28. Beautiful photography and excellent wrap. I love using crimpers to finish off my wraps! I learned it just a few weeks ago on an online beading group list. I’ve learned nearly everything I know about beading online. Isn’t it great to be able to help one another this way? Love all the instruction and ideas I get here.

  29. I’ve muddled along and managed for 15 years until I saw your
    demo…when I did it came to me like a ton of bricks just how easy it was if I followed your directions! They are so much better than all the others out there! Now my wraps are all even and pretty like yours and I don’t have to struggle so hard to get them to look decent! Voila! Thanks a bunch! 🙂

    Diane Solomon
    Solomon’s Studio

  30. Thanks Jean for the tip about the crimp pliers. I would always spend frustrating minutes trying to neaten my wrapped loop with my needle nose or bent nose pliers.

  31. i learned how to do wire wraps from mark at beadfest philly in 2005 (a 50th b’day present from my best friend, crazy jane. what a friend, eh?!?!!). mark taught me about “the sacred bend”, which i have never forgotten, and thus, i have been doing them right ever since.

    i learned about using the crimping pliers to finish off the wrap in a class that i took at my local bead shop, colorful creations bead company, in e. longmeadow, ma, last year. it works, and exceedingly well at that, too!!! such a simple idea, as most things are.

    thanks for the mnemonic and the pics to go with it; you always do a wonderful job. i hope to get to meet you at a beadfest some time in the near future. until then, take care and God bless.


  32. Hi Jean,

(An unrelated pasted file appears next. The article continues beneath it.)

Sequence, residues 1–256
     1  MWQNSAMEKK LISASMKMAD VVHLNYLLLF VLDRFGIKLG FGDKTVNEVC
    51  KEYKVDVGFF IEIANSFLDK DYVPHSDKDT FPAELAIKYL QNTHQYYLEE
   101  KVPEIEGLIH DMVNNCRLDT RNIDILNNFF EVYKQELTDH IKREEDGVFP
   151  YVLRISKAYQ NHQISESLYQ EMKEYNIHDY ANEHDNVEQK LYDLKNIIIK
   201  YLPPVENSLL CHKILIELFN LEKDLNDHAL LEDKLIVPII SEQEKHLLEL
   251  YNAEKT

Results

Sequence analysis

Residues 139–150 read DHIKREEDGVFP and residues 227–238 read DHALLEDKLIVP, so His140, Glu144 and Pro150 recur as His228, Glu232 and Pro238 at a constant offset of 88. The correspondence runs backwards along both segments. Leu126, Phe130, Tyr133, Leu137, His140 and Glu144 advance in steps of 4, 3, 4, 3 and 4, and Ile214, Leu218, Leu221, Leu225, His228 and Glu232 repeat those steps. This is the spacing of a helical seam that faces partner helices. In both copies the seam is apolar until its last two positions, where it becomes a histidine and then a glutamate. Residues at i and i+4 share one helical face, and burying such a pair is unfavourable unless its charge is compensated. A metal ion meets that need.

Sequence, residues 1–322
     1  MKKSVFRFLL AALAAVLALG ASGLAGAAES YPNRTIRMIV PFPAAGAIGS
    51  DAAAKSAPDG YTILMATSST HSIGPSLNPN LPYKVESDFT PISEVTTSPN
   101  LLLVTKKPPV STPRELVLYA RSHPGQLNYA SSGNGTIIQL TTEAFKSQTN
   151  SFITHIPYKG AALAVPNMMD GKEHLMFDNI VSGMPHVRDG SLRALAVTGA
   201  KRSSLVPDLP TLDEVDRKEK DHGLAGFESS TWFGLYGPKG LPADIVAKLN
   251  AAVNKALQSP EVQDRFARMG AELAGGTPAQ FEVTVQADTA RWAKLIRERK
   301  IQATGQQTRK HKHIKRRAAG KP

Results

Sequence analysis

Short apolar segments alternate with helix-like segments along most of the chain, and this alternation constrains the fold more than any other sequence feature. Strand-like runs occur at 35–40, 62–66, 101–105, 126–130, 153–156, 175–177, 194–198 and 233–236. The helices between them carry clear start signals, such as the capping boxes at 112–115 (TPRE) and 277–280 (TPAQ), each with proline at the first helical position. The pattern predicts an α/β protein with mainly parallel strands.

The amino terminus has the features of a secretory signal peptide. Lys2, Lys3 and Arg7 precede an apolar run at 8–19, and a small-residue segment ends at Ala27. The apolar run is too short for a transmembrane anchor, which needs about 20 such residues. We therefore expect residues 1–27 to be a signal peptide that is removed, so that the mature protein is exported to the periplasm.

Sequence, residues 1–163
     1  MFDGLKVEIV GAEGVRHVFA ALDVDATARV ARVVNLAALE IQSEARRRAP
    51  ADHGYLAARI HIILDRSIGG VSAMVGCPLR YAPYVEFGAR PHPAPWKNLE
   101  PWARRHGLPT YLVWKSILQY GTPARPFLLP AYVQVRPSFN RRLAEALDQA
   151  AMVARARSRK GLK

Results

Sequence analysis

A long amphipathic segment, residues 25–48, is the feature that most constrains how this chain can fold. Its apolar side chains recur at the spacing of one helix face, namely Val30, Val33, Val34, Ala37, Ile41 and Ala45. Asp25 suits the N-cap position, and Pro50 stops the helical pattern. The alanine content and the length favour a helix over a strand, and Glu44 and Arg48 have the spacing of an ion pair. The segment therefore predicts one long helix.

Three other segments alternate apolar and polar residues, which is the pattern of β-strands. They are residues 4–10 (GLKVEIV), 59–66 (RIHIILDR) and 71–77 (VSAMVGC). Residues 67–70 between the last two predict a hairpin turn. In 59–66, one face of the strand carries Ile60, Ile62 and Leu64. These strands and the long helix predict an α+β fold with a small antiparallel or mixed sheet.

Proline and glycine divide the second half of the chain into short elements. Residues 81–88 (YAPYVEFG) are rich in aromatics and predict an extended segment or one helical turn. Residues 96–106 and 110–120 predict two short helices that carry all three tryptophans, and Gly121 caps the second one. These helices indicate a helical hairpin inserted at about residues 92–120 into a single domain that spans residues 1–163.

I too have been trying for a year to get this. As a beginner, I just stayed away from it until now(just surfing the web and found this site). Your instructions and pictures are excellent!!! What would you recommend for a beginner at the Bead Fest this year and are you teaching any classes? Thanks again, Quiet

  33. Jean, Your six steps is a great memory piece and I like the crimping tool squeeze. Here’s my question. How do you take such great pictures of each step? Do you have a mini studio/tripod set up? Do you have special lights? Or does it take two people? Hope you’ll answer this for all of us trying to put together good teaching instructions. Blessings to you, Weaver 48

  34. WOW Jean, you sure received a lot of great responses to your wrapped loop ditty, directions and crimp tool saving grace!! I am late to reply, but wanted to chime in and echo most of the compliments from all the other beader pals!
    I, like many, have been beading for many years, and am amazed that I never thought to use my crimping pliers to complete the wrapped loops! See, even us long time, experienced beaders can always learn more!
    Thanks for the ditty, great pics, and excellent helpful hint for better wrapped loops!
    Blessings abound to you!

  35. in cleaning out my mail, I came across this post today. I have been beading for over 15 years. I have NEVER been able to make a wrapped loop. maybe the eyepins I am using are just too stiff/hard to work with. my wraps just don’t look good at all. I find it very difficult to make them. does it make a difference how thick my headpins/eyepins are?

  36. Thanks Jean for a lovely clear lesson and pictures. I have a head start to remember your ryhme as I have twin daughters. The eldest is L – Lindsay and her sister is C – Claire. Your thinking is very clear.
    Sue S

  37. Crimping tool . . . of course! What a marvelously simple and obvious idea that had totally escaped me! Thanks for the tip that should take care of the little ends I can’t seem to get rid of until now!

  38. THANK YOU JEAN! This has always plagued me no matter how many times I have done a loop. Beaking this down to the simpliest form has released me. And the crimping tool – genius!